I suspect Jesus may have anticipated this Millennial generation and our internet maybes when he said this in Matthew 5:37. And regardless of your religious affiliations or lack thereof, you can't deny that this little chunk of advice is WISDOM. 

And as far as I can tell, that really is the answer; think about it- if we stop with the "maybes" and commit to a yes or a no in all things, we can still change our minds, but we will have a better grasp on LIFE!

If we start saying YES or NO, we will realize how many things we try to juggle, how we are becoming over-committed. When we say Maybe, we try to make it to several things just for a bit, and ultimately enjoy none of them- it's like the opening scene of 27 Dresses every dadgum weekend.

And for myself, I would rather receive a 5 solid "No"s in a row and one TRUE "Yes" than 6 "Maybes" and 6 times I can't count on anything.


And once you've conquered the Maybes, you might find this helpful:



Monday, July 11, 2016

How To Make A Difference In An Unjust World (& How Not To)

It seems to me that with the rampant growth of Social Media activity, Slacktivism is also at an all time high. Prior to the upsurge of shared open letters and judgey memes, I think slacktivism was already common in the form of protest. Now stay with me please! I'll explain.

While there's nothing wrong with simply doing these things to make it known which side of a debate you personally identify with (that's why I do it from time to time), I feel like if changing one's profile photo in solidarity or clicking "share" on someone else's well stated opinions is say (generously) 0.5% effective in convincing others to consider alternative perspectives, then showing up for a protest in this decade* is maybe 1% effective, if that. 

In this day and age, it's needlessly dangerous to gather large crowds of people representing a specific, often oppressed demographic into a single public space. The best case scenario is that the participants leave safely and feel like they were a part of something important. They haven't changed ANYTHING. They just got to take their opinions out of their computer chair and feel like they've done something.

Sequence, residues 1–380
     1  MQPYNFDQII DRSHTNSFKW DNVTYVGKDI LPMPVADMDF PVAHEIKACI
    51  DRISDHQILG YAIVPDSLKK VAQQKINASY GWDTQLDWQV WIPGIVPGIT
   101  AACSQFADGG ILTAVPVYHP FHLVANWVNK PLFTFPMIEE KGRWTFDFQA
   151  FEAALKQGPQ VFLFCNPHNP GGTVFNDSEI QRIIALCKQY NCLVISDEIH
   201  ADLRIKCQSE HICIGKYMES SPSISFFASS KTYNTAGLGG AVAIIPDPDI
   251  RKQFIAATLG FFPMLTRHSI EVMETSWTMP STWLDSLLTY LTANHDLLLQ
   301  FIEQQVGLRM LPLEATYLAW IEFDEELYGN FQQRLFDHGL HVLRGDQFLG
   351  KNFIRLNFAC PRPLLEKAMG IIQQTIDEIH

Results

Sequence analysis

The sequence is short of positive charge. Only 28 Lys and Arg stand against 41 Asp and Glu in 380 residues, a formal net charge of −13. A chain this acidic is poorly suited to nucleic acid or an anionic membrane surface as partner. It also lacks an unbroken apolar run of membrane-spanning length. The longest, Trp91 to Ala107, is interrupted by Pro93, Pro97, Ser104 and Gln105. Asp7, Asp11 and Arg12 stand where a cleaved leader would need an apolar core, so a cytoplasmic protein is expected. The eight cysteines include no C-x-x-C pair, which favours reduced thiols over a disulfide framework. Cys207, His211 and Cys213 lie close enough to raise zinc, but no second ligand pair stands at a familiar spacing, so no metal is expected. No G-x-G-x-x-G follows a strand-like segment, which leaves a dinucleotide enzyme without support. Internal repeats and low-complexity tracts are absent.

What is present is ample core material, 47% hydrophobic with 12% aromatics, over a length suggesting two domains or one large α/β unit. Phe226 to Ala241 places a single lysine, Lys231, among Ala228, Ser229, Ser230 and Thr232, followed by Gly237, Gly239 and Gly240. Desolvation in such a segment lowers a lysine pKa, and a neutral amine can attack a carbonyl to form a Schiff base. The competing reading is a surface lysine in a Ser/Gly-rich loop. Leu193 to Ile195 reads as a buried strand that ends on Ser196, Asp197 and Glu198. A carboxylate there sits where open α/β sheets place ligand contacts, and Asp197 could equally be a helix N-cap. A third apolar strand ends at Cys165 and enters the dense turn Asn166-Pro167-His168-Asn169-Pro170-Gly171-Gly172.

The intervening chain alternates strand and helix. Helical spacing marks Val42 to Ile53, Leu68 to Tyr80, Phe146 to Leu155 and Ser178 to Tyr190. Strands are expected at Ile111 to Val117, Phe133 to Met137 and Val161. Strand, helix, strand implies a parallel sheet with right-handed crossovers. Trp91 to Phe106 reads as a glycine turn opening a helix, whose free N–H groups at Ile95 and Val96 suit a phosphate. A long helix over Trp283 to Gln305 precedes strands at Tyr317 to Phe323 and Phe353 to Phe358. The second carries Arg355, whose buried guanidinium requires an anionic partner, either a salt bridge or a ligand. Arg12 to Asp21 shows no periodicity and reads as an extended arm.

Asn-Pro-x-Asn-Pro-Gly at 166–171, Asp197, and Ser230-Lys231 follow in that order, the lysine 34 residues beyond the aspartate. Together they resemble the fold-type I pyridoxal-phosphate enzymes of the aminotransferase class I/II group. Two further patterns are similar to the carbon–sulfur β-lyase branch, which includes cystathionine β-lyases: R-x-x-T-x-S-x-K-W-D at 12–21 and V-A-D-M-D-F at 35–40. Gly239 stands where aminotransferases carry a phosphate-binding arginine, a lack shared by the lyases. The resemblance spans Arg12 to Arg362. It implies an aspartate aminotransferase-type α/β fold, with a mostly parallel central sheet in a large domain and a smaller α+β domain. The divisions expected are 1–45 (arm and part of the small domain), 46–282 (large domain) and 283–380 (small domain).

The alternatives to this scenario are that it creates an opportunity for crazies/radicals/people who simply like to make trouble to turn what may have been intended and initially organized as a peaceful statement into a riot. I don't think protests are organized with the intent or expectation of riots, nor do I think the majority of participants intend to be rowdy, but it's like giving an open call to bring gasoline to a certain place and hoping no arsonists show up. The worst case is scenarios like the events in Dallas that inspired this post, that it's like gathering fish into a barrel with targets on their backs. We may not like to admit it, we may disagree on how to label it, but we live in a world where people senselessly take lives en masse, particularly when it will create a media frenzy.

And for what? So people watching will know a cause is important? 

Frankly, we do have internet now. We can make our numbers felt through petitions etc with as much efficacy and none of the risk. 

Even so, I believe that none of these measures will make much real difference to whatever the problem.

So what will?

DO.

The only way to fix a corrupt system is to do so from the INSIDE.

Do you believe that the United States Police forces are corrupt &/or full of racist people you don't trust to carry a gun?

Then BECOME A POLICE OFFICER and don't be racist, corrupt, or trigger happy. Too old? Encourage your children, or your grandchildren, or your nieces, nephews, friends' kids, to grow up to work in law enforcement, and not to be racist. Donate funds or organize classes for your city to educate current law enforcement in sociology and racial studies. Organize events that can encourage positive interactions and experiences between members of oppressed people groups and their oppressors, so that officers have an opportunity to genuinely rewrite the script in their minds by way of positive, genuine personal experience.